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Colombo’s East Terminal ownership will remain with us but Japan and India will do the development

The Sri Lankan Minister of Ports and Shipping Sagala Ratnayaka at a recent inspection tour of the Sri Lanka Ports Authority , emphasized the importance of expanding Colombo Port’s capacity to ensure Port’s sustainable growth.

In a recent statement the Sri Lanka Ports Authority (SLPA) said the envisaged partnership with Japan and India to develop the East Container Terminal (ECT) will help Port of Colombo to continue with its growth momentum and further improve its position.

Though 3 countries sign MoC, ECT will remain with Sri Lanka

The three governments are expected to sign a Memorandum of Cooperation (MOC) over ECT, through which SLPA asserted the 100 percent ECT ownership will be retained with Sri Lanka.

A Terminal Operations Company (TOC) is said to be formed to conduct ETC operations which will be jointly owned where Sri Lanka will retain 51 percent and the joint venture partners will purchase 49 percent stake.

SLPA going ahead to speed up the operationalization of ECT is indeed heartening news to the maritime industry stakeholders in Sri Lanka. CASA had been stressing the need of adding capacity at a brisk pace in order to retain Sri Lanka’s position as the best connectivity port in South Asia.

Port of Colombo recorded a 13.5 per cent growth for the year 2018 over the same period of the previous year, reaching 22nd from the position of 23rd amongst global container ports, according to Alphaliner Monthly.

First time Colombo Port topped global maritime ranking

It is also a significant achievement as it is the first time in history that the Port of Colombo has topped a global maritime ranking. With this growth, the Port of Colombo has leapt ahead many other Asian, Middle Eastern and European Ports.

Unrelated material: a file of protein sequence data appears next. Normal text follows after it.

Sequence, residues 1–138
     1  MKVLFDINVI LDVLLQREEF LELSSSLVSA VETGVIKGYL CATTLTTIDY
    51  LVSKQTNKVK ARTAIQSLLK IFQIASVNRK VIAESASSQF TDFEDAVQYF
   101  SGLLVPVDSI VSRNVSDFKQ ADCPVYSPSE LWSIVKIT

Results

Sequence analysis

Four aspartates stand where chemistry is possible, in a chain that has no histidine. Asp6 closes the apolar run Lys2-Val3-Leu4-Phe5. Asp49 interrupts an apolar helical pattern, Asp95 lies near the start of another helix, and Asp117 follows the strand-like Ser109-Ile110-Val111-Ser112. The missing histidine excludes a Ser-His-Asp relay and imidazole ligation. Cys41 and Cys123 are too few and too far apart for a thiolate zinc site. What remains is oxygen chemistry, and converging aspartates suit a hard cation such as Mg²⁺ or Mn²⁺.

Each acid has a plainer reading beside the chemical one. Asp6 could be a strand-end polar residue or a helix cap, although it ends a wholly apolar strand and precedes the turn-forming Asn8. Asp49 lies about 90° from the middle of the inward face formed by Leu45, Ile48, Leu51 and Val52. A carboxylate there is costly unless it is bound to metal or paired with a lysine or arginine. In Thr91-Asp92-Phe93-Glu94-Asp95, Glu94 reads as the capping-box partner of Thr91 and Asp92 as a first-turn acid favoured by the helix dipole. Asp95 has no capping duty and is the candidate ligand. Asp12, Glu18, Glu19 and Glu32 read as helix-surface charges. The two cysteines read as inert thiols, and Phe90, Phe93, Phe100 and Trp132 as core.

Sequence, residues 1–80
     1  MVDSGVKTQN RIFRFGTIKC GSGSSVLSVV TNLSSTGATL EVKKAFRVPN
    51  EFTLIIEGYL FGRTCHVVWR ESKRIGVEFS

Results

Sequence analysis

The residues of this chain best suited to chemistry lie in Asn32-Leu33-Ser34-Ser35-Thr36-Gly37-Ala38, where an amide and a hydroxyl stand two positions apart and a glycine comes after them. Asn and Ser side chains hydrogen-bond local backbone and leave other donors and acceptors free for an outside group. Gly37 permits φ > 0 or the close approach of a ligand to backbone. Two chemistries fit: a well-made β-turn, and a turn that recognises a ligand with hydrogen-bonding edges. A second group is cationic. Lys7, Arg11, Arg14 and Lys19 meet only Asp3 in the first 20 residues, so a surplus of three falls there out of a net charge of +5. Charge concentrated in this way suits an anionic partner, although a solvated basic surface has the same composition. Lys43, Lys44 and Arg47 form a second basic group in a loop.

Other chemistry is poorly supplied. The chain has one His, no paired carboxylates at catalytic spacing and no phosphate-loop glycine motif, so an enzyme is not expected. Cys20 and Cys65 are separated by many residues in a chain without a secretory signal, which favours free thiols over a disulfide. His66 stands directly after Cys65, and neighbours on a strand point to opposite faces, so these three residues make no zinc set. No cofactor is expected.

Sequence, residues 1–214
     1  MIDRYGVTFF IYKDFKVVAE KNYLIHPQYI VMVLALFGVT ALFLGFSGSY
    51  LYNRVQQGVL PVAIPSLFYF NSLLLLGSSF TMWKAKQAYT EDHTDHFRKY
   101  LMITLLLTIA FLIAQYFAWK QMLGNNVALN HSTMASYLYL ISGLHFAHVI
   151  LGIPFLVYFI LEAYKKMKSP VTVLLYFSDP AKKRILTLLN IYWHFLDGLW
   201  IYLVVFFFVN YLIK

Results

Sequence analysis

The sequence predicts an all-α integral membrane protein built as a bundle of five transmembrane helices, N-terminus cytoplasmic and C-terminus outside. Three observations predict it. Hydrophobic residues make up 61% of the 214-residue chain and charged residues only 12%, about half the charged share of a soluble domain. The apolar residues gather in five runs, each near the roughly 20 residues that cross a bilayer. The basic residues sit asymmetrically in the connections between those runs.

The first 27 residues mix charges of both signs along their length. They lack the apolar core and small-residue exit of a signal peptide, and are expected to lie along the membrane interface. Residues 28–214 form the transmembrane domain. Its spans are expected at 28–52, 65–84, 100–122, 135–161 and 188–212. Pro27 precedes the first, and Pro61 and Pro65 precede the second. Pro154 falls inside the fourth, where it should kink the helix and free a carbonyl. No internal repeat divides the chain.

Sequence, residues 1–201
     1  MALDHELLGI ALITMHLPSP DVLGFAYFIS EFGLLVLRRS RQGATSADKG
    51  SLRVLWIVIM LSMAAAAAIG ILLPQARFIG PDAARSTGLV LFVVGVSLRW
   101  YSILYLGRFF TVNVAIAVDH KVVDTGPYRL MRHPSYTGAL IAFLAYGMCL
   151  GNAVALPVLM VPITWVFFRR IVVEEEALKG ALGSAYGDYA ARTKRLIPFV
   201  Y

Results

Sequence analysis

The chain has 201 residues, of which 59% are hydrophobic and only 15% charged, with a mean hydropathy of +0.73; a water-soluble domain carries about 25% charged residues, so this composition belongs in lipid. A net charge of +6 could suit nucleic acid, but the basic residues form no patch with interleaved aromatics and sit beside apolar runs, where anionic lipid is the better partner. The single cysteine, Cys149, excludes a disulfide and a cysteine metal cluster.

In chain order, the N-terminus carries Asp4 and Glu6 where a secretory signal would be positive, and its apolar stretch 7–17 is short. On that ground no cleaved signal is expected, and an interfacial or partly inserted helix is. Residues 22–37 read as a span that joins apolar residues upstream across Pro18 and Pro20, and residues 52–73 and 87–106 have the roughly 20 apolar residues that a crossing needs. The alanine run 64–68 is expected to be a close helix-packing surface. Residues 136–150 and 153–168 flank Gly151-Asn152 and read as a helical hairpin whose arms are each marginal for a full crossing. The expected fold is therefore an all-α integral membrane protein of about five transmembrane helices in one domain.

If this growth momentum continues we can assume that all the terminals in Colombo will reach full capacity and therefore adding capacity at a brisk pace is the most crucial factor for Sri Lanka to retain its position as the best connectivity port in South Asia.

Immediate measures should therefore be taken to operationalize the East Container Terminal (ECT) which is designed as a deep water terminal. It is disappointing that no strategic decisions pertaining to the expansion of the Colombo Port’s capacity was made during the last few years despite the industry highlighting the urgency.

The proposed arrangement made by SLPA is in indeed encouraging as the Ports Authority will retain control over the East Container Terminal whilst the foreign investment will expedite the operationalization of the terminal.

Second deep water terminal, must for Colombo to face the regional competitors

A second deep water terminal is a must for Colombo as we are facing the risk of losing cargo for regional competitors. As Sri Lanka gears up to become a regional hub, many other countries are turning to port development to accommodate growing volumes.   

India, for instance, has launched the Sagarmala initiative, a 126 billion US dollar Port-led development project designed to address India’s capacity constraints. Therefore this joint venture will bring the much needed investment for ECT whilst retaining the control with the state owned SLPA promoting the national interest of Sri Lanka.


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